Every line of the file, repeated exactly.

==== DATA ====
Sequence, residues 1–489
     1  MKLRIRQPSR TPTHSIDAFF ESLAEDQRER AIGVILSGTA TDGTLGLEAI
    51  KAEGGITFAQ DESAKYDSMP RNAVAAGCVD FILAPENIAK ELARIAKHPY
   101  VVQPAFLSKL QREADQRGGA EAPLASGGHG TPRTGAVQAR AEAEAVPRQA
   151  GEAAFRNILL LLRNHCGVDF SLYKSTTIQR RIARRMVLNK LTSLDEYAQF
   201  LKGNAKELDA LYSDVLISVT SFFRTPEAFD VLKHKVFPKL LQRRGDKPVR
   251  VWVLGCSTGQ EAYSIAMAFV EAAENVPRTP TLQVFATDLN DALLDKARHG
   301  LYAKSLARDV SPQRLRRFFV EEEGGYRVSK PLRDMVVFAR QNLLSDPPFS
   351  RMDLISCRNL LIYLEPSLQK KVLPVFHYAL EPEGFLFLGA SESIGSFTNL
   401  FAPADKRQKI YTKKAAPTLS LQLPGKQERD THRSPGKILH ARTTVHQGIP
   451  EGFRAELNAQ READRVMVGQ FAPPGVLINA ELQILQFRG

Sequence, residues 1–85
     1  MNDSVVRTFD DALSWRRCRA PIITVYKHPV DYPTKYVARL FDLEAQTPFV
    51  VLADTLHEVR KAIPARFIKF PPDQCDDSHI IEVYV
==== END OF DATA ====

Sequence, residues 1–489
     1  MKLRIRQPSR TPTHSIDAFF ESLAEDQRER AIGVILSGTA TDGTLGLEAI
    51  KAEGGITFAQ DESAKYDSMP RNAVAAGCVD FILAPENIAK ELARIAKHPY
   101  VVQPAFLSKL QREADQRGGA EAPLASGGHG TPRTGAVQAR AEAEAVPRQA
   151  GEAAFRNILL LLRNHCGVDF SLYKSTTIQR RIARRMVLNK LTSLDEYAQF
   201  LKGNAKELDA LYSDVLISVT SFFRTPEAFD VLKHKVFPKL LQRRGDKPVR
   251  VWVLGCSTGQ EAYSIAMAFV EAAENVPRTP TLQVFATDLN DALLDKARHG
   301  LYAKSLARDV SPQRLRRFFV EEEGGYRVSK PLRDMVVFAR QNLLSDPPFS
   351  RMDLISCRNL LIYLEPSLQK KVLPVFHYAL EPEGFLFLGA SESIGSFTNL
   401  FAPADKRQKI YTKKAAPTLS LQLPGKQERD THRSPGKILH ARTTVHQGIP
   451  EGFRAELNAQ READRVMVGQ FAPPGVLINA ELQILQFRG

Sequence, residues 1–85
     1  MNDSVVRTFD DALSWRRCRA PIITVYKHPV DYPTKYVARL FDLEAQTPFV
    51  VLADTLHEVR KAIPARFIKF PPDQCDDSHI IEVYV